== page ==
Dash Open 16: OSCON 2019 - A chat with Rachel Roumeliotis, VP Content Strategy, O'Reilly Media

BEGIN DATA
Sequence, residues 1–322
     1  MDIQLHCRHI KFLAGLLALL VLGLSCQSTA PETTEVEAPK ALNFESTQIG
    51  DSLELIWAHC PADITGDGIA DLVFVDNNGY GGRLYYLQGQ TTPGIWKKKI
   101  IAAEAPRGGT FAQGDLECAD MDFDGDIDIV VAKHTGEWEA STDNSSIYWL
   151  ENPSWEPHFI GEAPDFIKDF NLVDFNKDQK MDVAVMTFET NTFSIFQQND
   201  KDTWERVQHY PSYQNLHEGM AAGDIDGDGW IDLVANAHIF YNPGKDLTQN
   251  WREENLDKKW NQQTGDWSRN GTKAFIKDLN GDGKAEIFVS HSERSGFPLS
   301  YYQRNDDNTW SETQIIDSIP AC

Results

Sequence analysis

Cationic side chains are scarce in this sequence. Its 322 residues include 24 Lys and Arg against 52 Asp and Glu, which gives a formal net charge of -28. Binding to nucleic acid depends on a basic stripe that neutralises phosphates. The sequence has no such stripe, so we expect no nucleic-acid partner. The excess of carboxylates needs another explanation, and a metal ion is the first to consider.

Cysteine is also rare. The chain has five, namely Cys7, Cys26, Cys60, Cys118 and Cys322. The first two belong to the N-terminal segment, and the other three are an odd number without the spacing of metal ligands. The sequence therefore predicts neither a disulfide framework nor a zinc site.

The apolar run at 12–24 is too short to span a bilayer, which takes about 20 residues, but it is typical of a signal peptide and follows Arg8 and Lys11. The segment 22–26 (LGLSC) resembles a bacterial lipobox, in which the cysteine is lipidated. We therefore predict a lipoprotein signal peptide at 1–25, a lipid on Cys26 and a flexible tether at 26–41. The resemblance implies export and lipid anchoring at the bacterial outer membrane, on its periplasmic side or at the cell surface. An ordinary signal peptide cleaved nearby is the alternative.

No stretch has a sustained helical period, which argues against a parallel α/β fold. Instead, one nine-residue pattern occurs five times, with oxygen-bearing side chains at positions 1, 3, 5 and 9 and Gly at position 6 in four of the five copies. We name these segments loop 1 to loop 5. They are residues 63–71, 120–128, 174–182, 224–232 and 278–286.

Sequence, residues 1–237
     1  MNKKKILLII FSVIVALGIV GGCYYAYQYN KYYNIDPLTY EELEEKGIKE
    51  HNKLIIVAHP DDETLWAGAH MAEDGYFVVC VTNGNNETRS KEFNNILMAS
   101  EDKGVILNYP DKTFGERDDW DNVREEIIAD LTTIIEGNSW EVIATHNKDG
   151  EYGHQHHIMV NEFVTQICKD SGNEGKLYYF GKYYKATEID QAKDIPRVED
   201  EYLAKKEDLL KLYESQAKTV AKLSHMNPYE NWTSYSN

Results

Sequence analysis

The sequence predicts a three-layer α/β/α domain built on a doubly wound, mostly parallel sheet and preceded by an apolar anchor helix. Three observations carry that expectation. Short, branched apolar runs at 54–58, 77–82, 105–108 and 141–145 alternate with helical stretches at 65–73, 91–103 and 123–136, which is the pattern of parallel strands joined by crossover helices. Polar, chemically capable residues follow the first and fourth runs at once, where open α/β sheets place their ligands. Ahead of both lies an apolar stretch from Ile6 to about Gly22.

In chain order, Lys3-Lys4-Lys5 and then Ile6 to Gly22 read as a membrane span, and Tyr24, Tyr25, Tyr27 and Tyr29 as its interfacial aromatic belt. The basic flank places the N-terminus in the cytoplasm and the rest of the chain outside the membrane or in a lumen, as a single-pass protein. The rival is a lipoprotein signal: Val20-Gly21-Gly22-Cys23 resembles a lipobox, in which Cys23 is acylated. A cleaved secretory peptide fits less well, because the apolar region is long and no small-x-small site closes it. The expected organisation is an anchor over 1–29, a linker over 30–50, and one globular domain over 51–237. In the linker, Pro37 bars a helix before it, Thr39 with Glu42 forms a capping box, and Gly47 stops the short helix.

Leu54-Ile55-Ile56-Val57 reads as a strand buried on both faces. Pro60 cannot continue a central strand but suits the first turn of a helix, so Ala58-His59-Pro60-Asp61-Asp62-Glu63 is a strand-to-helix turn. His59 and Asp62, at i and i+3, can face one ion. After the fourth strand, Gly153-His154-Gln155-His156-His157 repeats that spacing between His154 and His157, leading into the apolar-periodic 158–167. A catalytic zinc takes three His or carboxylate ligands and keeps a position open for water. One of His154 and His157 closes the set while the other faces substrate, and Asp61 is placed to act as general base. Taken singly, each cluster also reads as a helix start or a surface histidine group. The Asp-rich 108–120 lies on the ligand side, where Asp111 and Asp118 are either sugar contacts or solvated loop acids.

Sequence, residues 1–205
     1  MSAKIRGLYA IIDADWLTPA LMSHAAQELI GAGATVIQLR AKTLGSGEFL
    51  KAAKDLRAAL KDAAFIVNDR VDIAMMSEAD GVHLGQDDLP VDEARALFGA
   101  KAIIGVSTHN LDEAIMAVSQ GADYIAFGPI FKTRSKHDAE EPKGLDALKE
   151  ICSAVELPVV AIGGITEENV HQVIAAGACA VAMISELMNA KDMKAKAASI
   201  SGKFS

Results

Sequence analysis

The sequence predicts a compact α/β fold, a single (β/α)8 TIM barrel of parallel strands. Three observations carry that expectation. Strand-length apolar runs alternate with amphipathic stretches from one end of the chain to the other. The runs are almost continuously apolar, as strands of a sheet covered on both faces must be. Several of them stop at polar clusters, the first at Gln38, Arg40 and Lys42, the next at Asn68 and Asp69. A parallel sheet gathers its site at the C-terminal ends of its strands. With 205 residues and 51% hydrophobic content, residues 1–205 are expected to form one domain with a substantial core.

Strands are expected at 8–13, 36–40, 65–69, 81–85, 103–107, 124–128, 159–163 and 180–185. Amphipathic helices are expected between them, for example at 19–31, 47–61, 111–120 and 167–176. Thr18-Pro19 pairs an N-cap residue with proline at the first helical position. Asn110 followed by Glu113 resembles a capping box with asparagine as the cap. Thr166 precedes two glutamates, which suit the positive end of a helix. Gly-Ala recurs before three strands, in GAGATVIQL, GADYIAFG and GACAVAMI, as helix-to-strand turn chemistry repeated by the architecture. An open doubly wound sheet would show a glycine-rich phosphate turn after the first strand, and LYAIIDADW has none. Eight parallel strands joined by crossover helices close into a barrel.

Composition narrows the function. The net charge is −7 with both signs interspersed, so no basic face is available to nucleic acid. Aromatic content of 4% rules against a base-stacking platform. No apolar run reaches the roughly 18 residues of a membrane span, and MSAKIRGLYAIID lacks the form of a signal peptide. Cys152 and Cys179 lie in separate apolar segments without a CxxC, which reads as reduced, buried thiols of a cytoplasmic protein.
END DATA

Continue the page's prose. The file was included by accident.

Rosalie Bartlett: Hi Everyone and Welcome to the Dash Open Podcast. Dash Open is your source for interesting conversations about Open Source and other technologies from the Open Source program office at Verizon Media. Home to many leading brands including Yahoo, AOL, Tumblr, TechCrunch and many more. My name is Rosalie and I'm on the Open Source team at Verizon Media. Today on the show, I'm so excited to be in Portland, Oregon at OSCON, chatting with Rachel Roumeliotis. Rachel is the Vice President of Content Strategy at O'Reilly Media. Welcome to the podcast, Rachel. Rachel Roumeliotis: Thank you so much for having me here. Rosalie Bartlett: It's amazing to have you here. We are actually at OSCON in Portland, Oregon. How are you loving OSCON so far? Rachel Roumeliotis: It's been really great. People have been coming up to me and saying thank you, for I guess, putting together a good conference. Which is always very nice to hear because I work on it for 10 months out of the year and certainly it’s not just me, it's a whole team at O'Reilly, but I think it's been really great so far. Rosalie Bartlett: Yes. So you've been involved with OSCON for many years now, when you think about this OSCON versus prior years, what are some new themes or topics that you're noticing? Rachel Roumeliotis: Yeah, so five years ago we were still doing the tracks in programming languages, it was Python and Perl. We identified that Open Source was well beyond languages at that point and that we hadn't really changed things up. When I came in, I decided to change it to more sort of problem and solution. How can we have tracks that cluster together problems? And of course you use Open Source technologies wherever you can, and so we made those changes. I mean, more recently we've brought in a lot more sort of continuous delivery, continuous integration, DevOps type stuff, data and AI. I'm cognizant that the audience is sort of, I think of the audience as sort of a general developer that is, these things are starting to touch people. There's not necessarily a specialist here, but data is starting to influence them. AI is starting to influence them. Rachel Roumeliotis: That's what we try to bring in there. I try to bring in things that are a little bit outside of our comfort zone, like blockchain, which still hasn't quite caught on, but I'm still going to do it and try to keep things fun. There's a fun part of OSCON, so we have a live coding track, which means no slides whatsoever. You have to go up there and you have to code, you make a mistake, that's part of the show now. And the other thing that we added that we wanted to make sure that we had was a case studies track basically. We want to know about failures, successes, those are the big new things. Rosalie Bartlett: And what triggered that change? Was it because you're looking at the different proposals that were coming in? I know O'Reilly has a tool that's kind of focused on data insights. Is that where you saw the shift happening? Rachel Roumeliotis: This was back in the day, I actually changed it just because it seemed really clear to me that you could choose whatever language you want and that it was, again, it was really well beyond what those languages were. I mean, we put together the call for proposals, so we kind of direct people to a certain extent about what they're going to send in large areas. That first year I think we took people by surprise, but we got lots of proposals and it's fun to see. We get lots of community proposals and you can see the stuff that really isn't that popular. I'm trying to think of, mobile hasn't been super popular, so we'll get 250 community proposals and 11 mobile proposals. We try to make our best sort of strategy/guess and then it gets a little bit adjusted by what comes in, in that CFP. Rosalie Bartlett: And when is OSCON next year? I believe the date is already booked. Rachel Roumeliotis: It is, July 13th through 16th and it'll be here in Oregon again. Rosalie Bartlett: And can we expect anything different for next year? Rachel Roumeliotis: Next year I would love to look at, as far as Open Source, a lot more sort of open dataset type stuff, open AI, this idea that you need to keep AI honest by opening up that sort of machine learning black box. I mean in some areas like finance and healthcare and stuff, you have to. But sort of keeping that open, looking at the bias and the ethics and how you get those answers. I really think that's where Open Source is going next and then we'll always sort of bring back Open Source sustainability because that's so, I feel like people are like, of course it's Open Source and I'm like, don't count that unless you're contributing and you're making sure that you're figuring out how to keep it healthy. Rosalie Bartlett: I love that and I love how you're touching on kind of AI explainability which is so important. Rachel Roumeliotis: Yes. Rosalie Bartlett: Especially in finance - why did I get rejected for this? Rachel Roumeliotis: Absolutely. Rosalie Bartlett: What's the reasoning behind it? And in healthcare, why did I have this diagnosis? What's going on? In your opinion, what are some interesting AI use cases out there right now across industry? Rachel Roumeliotis: Yeah, so that's a great question. I love the, maybe love is too strong a word, but sort of the robotic surgery stuff, seeing that has been really insightful. I think generally what I'm really more interested in seeing coming up in the next couple of years is right now a lot of businesses are thinking like, Oh AI and they're not like, what does that actually mean? Do you know what I mean? Figuring out how you can automate some of the decision making that you have to look at. Rachel Roumeliotis: With all of the state of growing and growing, growing, we can only use AI now to make those decisions. And sort of seeing how that really, once it kind of goes beyond, I feel like it's in a little bit of a bubble right now. Once it goes beyond sort of the Bay Area and the big tech companies, how is that going to change? I mean, you go to a hotel for instance and they send you a little text and it's a chatbot and they're like, "Do you need anything?" And you're like, "A towel" and then they bring it. It's weird, the conversational commerce stuff, it's cool, but it's freaky. AI stuff where they're like, "Oh, you probably want this now." And you're like, "I do. What?". It's interesting being a part of sort of AI moving forward. I feel like we need to make sure it moves forward the right way. Rosalie Bartlett: Yes. And you have a very unique perspective because you're seeing it from the educational stance as well. Rachel Roumeliotis: Yeah. Rosalie Bartlett: Are you seeing a lot of interest when it comes to kind of a O'Reilly books and education for AI and machine learning? Rachel Roumeliotis: Oh yes. Yes, definitely. This year, we have machine learning books, we have deep learning books, the stuff that's coming up now is unsupervised learning and reinforcement learning. And I mean, one of our AI books was super popular. We're doing a second edition, it's hands on machine learning with TensorFlow and Keras I think, it’s selling like gangbusters. What we're really looking at sort of for later this year, next year, is putting AI into production. Rachel Roumeliotis: Right now people are like, "Let's make AI models and all of this fun stuff." Now it's about really getting out there and making sure it works and monitoring it and tweaking it. That's really what we're starting to get proposals on now. That, as well as the sort of reinforcement learning and sort of the new steps and sort of how you can make things smarter. TensorFlow is still popular and PyTorch is growing. Rosalie Bartlett: That's so exciting. And you have such a great view of that landscape. Rachel Roumeliotis: Yeah. Rosalie Bartlett: Amazing. Rachel Roumeliotis: Yeah, and I mean I'm sure in six months it'll be different. Rosalie Bartlett: Or in six weeks. Rachel Roumeliotis: Yeah, who knows? Rosalie Bartlett: So, you have a large team at O'Reilly Media, how do you grow your team? How do you empower them to do great work and to share knowledge? Rachel Roumeliotis: Yeah, so that's a good question. We often talk about how our team mainly is made up of acquisitions editors, those editors that go out and find people to write, and then there's development editors that expand upon that proposal that we get from that person that we're working with. I think a bunch of stuff has changed actually over the years that I've been at O'Reilly. I mean, one we've expanded well beyond books, into many different modalities like online training, videos, reports. That's one thing and people are consuming the content differently. Print is still super popular. Rachel Roumeliotis: Then we talk about sort of how we see ourselves a little bit differently than other sort of publishing houses, and we think of ourselves well beyond a publishing house at this point. But we think about sort of O'Reilly DNA or editorial DNA. And that's, we really encourage people on the team to get to know the community, the people, understand the pain points. And then we want them to have an opinion. It's not just about, serverless is a thing, here's a serverless book, we want a perspective and obviously we need to partner with people to figure that out at a very deep, technological level. So we want to do that. And then we also say that we want people to have strong opinions loosely held so that it's not my way or the highway. You keep learning, you keep talking to people and that's what I think produces great content. Rosalie Bartlett: Amazing. Are there any other things that you would say make for editorial DNA? Now what do you look for when you're hiring kind of editors and writers? I'm guessing a strong sense of curiosity. Rosalie Bartlett: Because the work that you're doing is very cutting edge. Some of it is very new, but it's also moving very quickly. Rachel Roumeliotis: Yeah. Definitely someone that likes to look into new topics and research. Someone who can, I actually like, I'm at my best actually, editorially when I'm going into an area with fresh eyes because you're actually teaching yourself it to a certain extent and you're not drinking the Kool-Aid yet. Do you know what I mean? Rosalie Bartlett: Yes. Rachel Roumeliotis: You're kind of mapping out the area and figuring out where are the gaps in knowledge and stuff like that. I think that's really important. And then, I mean we're only as strong as our network, right? You have to be great at networking, you have to be great at research and you have to be good at, I think, it's synthesizing. There's still that special sauce of there's the problems, here are the people, then how do you still make a good product? There's all of that and we are hiring by the way. Rosalie Bartlett: That's amazing. It must be so great to work for you. Rachel Roumeliotis: I hope so. Rosalie Bartlett: In your opinion, what makes for great storytelling? Rachel Roumeliotis: I would say the core of great storytelling is being real and being vulnerable. And I think as far as technology, I mean there's sort of, there's the technology piece, right? There's not necessarily vulnerability there, but coming to something as a person that has really thought about a problem and a solution and is putting it out there and earnestly thinks that that is the way to do things, I think that comes through and in the writing especially or in the presentation. And that draws people to it and I think helps people to learn whether it's writing or speaking, and I really just think that's at the core. I think it's as simple as that. Rosalie Bartlett: That's really great advice. For folks who've been working on a project for a long time and then they open source it and they say, "Hey, we want to get the word out about our project, we want to get more contributors." What advice do you have for them about telling their story and connecting with that developer audience? Rachel Roumeliotis: What I would say is one, you have to tell your story a lot. I mean, there's just that. You just have to keep repeating something. I would also be as welcoming as possible. Look for, something that's been a big topic at OSCON this year is sort of non-code contributions and how documentation, I guess projects with bad documentation don't do well. Find people that aren't necessarily coders. That right there I think might help you and that’s because it's just a different type of person telling the story. Rachel Roumeliotis: I think going back to what we said, you're passionate about this project, I'm assuming, so if you're passionate about the project, then you do have a story to tell. And I think that's the contagious part. And again, I think it's just, there's so much noise that you just have to keep telling that story, and then you have to find people that believe in it as much as you or have that problem. If you can get that community together and your project really solves a problem, I hope it can thrive. Rosalie Bartlett: And when it does, come present at OSCON. Rachel Roumeliotis: Absolutely. Rosalie Bartlett: For folks listening to this podcast and who've looked you up on LinkedIn, and saying "Wow, Rachel's had a really fantastic career and she's doing amazing work at OSCON." What advice do you have for them if one day they want to be you? They want to be in your shoes? Rachel Roumeliotis: If someone wants to get into, I guess I would say the technical publishing world or the learning world. I mean, I think it starts with, I used to do all of the really basic stuff, like putting stuff into databases and writing copy. It's not something that happens overnight. You have to do the hard work and then you get more and more opportunities. And I guess I would also say, be yourself. There's going to be people along the road that are going to say, "Oh, you need to do this and you need to do that," and you're not going to be happy if you stop being yourself, so I would say work hard. Don't expect it's going to happen overnight and you need to be happy. We go to work so much. You need to be happy going to work, so make sure you're happy. Rosalie Bartlett: Great advice. Well, Rachel, it has been so nice to chat with you today. Thank you so much for your time. Rachel Roumeliotis: Thank you so much for having me here. Rosalie Bartlett: Thank you. Gil Yehuda: If you enjoy this episode and you wanted to learn more about our Open Source program at Verizon Media or other technologies that we have available, please visit us at You can also find us on Twitter at YDN.